Chayote (Sechium edule) is indigenous to Southern Mexico, Central America and is also grown in the West Indies and other warm regions. It is suited to higher elevations in the tropics and is also commonly cultivated in the sub-tropics.It is a vegetable common to the local markets. The fruits are eaten boiled as a vegetable, as are the large tuberous roots. The young leaves and tender shoots are sometimes eaten as spinach. The tuberous, starchy root is relished by some as a vegetable too. In Mexico, this is boiled and candied, or sliced and fried for table use. Chayote is oftentimes called the poor man's vegetable. Candy manufacturers and food processors have found the vegetable as an ideal cheap base for their various products. Pig growers also use it as one of the cheapest food supplements. (Source: Department of Agriculture- Bureau of Agricultural Research, Date accessed 24 March 2014)
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Climatic and Soil Requirements
Loose fertile soil is ideal for chayote. The crop, however, can be grown in a wide range of soil types. Cooler places with evenly distributed rainfall are suitable for chayote growing. Marginal areas where most crops are grown are used in the cultivation of chayote.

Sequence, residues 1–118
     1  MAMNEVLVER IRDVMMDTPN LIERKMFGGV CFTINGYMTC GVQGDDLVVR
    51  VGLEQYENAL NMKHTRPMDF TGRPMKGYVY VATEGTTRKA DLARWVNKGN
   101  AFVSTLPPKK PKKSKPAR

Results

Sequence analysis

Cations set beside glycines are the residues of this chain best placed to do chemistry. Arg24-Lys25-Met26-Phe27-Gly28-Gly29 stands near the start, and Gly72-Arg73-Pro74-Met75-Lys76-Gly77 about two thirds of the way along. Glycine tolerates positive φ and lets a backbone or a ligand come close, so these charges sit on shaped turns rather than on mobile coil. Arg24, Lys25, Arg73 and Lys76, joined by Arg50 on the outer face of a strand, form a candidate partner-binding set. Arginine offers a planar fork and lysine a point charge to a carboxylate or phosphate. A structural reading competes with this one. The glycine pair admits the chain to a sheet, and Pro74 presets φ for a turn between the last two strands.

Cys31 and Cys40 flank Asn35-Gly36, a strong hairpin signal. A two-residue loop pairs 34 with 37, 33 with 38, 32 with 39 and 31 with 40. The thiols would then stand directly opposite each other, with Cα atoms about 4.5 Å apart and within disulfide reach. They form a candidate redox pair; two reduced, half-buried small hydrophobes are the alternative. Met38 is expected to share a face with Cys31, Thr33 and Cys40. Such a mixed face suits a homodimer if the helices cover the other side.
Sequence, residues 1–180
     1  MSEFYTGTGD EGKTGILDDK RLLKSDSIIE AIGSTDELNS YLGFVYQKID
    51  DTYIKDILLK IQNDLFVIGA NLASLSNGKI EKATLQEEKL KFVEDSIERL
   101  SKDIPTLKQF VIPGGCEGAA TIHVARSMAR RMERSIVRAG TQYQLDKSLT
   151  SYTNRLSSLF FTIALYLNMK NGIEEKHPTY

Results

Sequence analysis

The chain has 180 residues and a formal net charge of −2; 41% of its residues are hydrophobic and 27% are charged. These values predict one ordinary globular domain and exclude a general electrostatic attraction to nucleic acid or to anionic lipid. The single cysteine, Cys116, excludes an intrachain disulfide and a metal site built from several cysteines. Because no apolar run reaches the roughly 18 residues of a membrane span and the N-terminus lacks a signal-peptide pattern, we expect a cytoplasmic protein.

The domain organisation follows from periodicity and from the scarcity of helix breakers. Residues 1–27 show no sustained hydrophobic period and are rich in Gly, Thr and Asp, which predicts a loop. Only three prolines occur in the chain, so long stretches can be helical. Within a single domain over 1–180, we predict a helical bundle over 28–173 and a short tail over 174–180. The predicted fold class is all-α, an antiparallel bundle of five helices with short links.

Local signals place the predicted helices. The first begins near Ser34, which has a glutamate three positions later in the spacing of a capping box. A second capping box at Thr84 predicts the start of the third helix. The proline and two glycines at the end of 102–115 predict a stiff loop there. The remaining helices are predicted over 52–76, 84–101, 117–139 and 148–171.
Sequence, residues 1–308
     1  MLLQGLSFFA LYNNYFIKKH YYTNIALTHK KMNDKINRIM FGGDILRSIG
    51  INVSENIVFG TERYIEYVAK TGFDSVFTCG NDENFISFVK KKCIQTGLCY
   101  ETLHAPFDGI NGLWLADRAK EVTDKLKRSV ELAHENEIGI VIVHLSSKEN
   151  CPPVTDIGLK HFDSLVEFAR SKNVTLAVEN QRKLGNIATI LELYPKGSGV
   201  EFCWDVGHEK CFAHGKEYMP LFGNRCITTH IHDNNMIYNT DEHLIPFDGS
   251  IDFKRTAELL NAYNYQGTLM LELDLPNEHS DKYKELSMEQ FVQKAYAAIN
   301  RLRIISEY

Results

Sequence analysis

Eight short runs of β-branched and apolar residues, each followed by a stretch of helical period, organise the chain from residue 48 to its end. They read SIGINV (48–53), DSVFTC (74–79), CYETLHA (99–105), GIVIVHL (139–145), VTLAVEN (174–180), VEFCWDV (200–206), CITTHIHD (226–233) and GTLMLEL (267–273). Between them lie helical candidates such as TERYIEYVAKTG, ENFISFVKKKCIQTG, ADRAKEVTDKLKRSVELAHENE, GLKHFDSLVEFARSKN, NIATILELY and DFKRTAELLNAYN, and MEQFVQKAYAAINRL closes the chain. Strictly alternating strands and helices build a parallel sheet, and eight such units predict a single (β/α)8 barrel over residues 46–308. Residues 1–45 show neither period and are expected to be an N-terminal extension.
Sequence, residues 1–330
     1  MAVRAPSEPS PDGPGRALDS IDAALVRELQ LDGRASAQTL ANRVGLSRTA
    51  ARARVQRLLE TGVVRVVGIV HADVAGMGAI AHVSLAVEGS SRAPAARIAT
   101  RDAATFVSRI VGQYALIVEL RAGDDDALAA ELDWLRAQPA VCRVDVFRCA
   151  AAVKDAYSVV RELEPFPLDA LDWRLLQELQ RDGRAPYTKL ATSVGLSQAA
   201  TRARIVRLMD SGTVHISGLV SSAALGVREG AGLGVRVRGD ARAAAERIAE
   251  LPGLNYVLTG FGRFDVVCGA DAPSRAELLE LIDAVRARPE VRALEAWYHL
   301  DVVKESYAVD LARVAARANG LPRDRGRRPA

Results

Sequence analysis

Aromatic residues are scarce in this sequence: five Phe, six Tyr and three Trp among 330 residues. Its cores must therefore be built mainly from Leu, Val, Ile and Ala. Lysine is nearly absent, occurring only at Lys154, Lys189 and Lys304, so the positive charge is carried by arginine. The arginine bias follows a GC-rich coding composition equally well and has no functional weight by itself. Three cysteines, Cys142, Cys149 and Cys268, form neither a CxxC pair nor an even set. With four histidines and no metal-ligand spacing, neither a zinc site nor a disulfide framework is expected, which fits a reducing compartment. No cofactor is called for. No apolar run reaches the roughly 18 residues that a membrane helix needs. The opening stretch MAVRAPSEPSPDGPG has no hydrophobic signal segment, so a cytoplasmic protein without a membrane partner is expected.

The seedlings are usually alternately planted at hill with row spacing of 3-5 meters. One to three seedlings of about 30cm high are planted in a hill. Holes are dug 30 cm wide and deep. Compost is thoroughly mixed with the top soil and placed back in the hole. Enough moisture should be given to the plants after planting.
The seedlings should be provided with enough water and fertilizer, and freed from noxious weeds. Stakes to serve as support and guide for the vines should be installed on time.
Cultivation and Weeding
As soon as the plants have established into the ground, cultivation and weeding should be employed whenever deemed necessary. A radius of 2 meters around each hill should be kept weed free to provide ample space for the crop's growth and development. Once the crop has spread on and covered the trellis, weed growth is suppressed. The conventional trellis system is still practiced.
Pruning and Trellising
If the intention of the farmer is the production of fruits, minimum pruning is necessary but the main vines should be well-trained for proper spreading and most effective use of sunlight, carbon dioxide, and other growth factors. Other farmers grow Chayote for their fresh tops. For this purpose, the farmer prunes as he harvest.
The use of side trellis may be applicable in areas prone to strong winds. The technique can withstand strong winds and with pruning, can enhance higher fruit bearing for the chayote crop.
Organic fertilizers are good for the crop. Basal application of compost is recommended. Side dressing should be done 7 to 8 weeks after planting with complete fertilizers and should be repeated every before and after the rainy season.
The fruits are harvested manually once they reach the desired size. Proper handling, which involves the use of proper baskets or other containers and putting the harvested fruits to a convenient shade makes the product stays fresh for a longer time.
Source: Department of Agriculture- Bureau of Agricultural Research, Date accessed 24 March 2014